WATCH: The Points Guy memorializes the A380 in graffiti

Photos captured in mid-February 2019 show one of the A380s already void of its engines.

An engine-less Airbus A380 sits on the ramp at Lourdes Airport in France. (Image by Balint Porneczi/Bloomberg via Getty Images)
An engine-less Airbus A380 sits on the ramp at Lourdes Airport in France. (Image by Balint Porneczi/Bloomberg via Getty Images)

With the engines removed from the aircraft, the scrapping process continues with the removal of the aircraft’s interior, including seats, lavatories and galleys. Once the interior of the aircraft is essentially stripped bare, parts that hold the most value are removed from the aircraft. Valuable parts include avionics found in the flight deck, flaps, spoilers, ailerons and windows. Each part is checked to ensure that it is fully functional and then registered, at which point the parts hit the market.

At this point, the scrapping process continues with further disassembly. If a part can be sold to another operator or sold for scrap, the part will be carefully removed from the aircraft. The removal of the more than 4 million parts will take the majority of the estimated two years it takes to fully scrap an A380.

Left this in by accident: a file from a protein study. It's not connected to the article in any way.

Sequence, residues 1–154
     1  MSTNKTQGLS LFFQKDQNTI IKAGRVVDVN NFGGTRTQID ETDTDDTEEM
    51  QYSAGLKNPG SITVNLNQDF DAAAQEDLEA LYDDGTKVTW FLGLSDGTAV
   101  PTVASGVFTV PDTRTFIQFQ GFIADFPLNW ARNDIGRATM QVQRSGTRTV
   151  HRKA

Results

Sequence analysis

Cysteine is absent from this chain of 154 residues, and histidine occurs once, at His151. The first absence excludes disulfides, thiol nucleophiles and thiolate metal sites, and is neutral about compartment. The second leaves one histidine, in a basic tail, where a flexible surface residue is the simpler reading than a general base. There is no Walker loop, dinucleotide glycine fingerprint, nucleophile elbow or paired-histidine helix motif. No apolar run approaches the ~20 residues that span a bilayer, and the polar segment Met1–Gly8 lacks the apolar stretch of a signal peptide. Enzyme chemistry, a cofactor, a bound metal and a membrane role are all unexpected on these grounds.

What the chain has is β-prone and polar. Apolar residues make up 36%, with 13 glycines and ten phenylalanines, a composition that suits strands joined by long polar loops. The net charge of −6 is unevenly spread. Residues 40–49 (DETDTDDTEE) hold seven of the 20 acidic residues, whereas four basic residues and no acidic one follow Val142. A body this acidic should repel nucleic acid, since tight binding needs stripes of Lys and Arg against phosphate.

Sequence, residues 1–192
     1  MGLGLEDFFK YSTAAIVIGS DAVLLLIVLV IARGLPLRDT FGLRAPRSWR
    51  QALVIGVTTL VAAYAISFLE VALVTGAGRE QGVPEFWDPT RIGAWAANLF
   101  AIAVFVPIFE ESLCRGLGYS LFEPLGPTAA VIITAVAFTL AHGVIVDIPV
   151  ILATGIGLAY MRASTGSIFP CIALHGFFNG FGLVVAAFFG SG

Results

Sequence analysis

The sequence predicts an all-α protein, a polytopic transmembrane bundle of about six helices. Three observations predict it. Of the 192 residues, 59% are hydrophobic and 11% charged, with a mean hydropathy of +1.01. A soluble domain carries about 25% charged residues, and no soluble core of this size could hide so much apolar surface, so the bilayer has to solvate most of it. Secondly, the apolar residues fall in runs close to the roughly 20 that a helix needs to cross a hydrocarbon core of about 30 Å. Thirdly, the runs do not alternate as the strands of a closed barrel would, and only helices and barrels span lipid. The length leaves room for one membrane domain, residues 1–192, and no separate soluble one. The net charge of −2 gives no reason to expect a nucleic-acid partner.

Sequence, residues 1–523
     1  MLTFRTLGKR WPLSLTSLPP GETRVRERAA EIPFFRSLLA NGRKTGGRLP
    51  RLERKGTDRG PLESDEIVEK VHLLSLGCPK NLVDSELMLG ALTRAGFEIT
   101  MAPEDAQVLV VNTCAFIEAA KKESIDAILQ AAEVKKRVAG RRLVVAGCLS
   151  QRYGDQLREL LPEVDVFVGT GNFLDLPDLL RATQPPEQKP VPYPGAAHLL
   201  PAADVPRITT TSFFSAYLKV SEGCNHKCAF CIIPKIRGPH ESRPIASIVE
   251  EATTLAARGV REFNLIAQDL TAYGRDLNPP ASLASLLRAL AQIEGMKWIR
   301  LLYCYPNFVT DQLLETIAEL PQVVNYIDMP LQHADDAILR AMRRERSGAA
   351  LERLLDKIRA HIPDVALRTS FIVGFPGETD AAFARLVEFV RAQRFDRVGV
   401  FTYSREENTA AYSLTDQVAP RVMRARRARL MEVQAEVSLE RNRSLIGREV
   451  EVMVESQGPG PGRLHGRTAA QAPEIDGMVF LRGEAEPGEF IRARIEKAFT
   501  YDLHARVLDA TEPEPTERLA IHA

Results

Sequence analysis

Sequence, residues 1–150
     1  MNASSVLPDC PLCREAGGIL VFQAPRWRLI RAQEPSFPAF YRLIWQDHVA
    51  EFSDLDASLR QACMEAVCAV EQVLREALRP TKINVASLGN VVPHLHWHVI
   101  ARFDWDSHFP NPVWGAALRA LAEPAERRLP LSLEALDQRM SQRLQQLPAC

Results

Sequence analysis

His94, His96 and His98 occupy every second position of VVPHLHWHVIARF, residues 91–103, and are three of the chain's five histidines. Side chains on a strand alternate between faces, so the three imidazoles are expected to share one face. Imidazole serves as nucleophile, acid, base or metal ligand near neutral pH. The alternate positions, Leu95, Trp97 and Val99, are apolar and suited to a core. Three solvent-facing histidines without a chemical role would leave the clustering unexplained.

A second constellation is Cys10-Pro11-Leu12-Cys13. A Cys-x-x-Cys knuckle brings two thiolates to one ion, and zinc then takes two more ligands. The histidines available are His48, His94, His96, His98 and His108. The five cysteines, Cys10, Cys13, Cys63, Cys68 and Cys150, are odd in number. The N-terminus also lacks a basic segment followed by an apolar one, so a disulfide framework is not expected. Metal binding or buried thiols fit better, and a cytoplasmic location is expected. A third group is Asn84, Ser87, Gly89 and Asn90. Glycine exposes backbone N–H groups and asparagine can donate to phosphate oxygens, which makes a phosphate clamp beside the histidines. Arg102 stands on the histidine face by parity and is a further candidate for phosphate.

After the remaining parts with any value are removed from the aircraft, what’s left is the A380’s shell and the A380’s fuselage, wings, tail and possibly its gear. In the US, many aircraft shells remain fully assembled for years as seen in this following image.

Victorville-Southern California Logistics Airport as seen in 2001 (Photo by Mike Fiala/Getty Images)
Victorville-Southern California Logistics Airport as seen in 2001 (Photo by Mike Fiala/Getty Images)

The Airbus A380’s shell will eventually be broken up piece by piece and recycled. Even the aircraft’s massive doors will likely be removed and sold to other airlines and operators. It is estimated that 92% of an Airbus A380 can be reused, scrapped or recycled for other materials. A single A380 is expected to provide Singapore Airlines, the former operator, approximately $40 to $80 million in parts per aircraft — a figure that still pales in comparison to the estimated $250 million per unit Singapore Airlines paid for its first A380s.

The End of An Era

With the first Airbus A380s hitting scrapyards and production of the superjumbo set to end in 2021, aviation is inching closer to the end of an era. For now, though, you still have plenty of time to fly aboard the super-jumbo. Singapore Airlines still operates 19 A380s. Other operators include British Airways, Emirates, Lufthansa, and ANA, which only recently received the airline’s first super-jumbo. While it may not be completely clear when the A380 will exit service, what is certain is that avgeeks still have the opportunity to fly aboard the one and only superjumbo.

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Featured image by Balint Porneczi/Bloomberg via Getty Images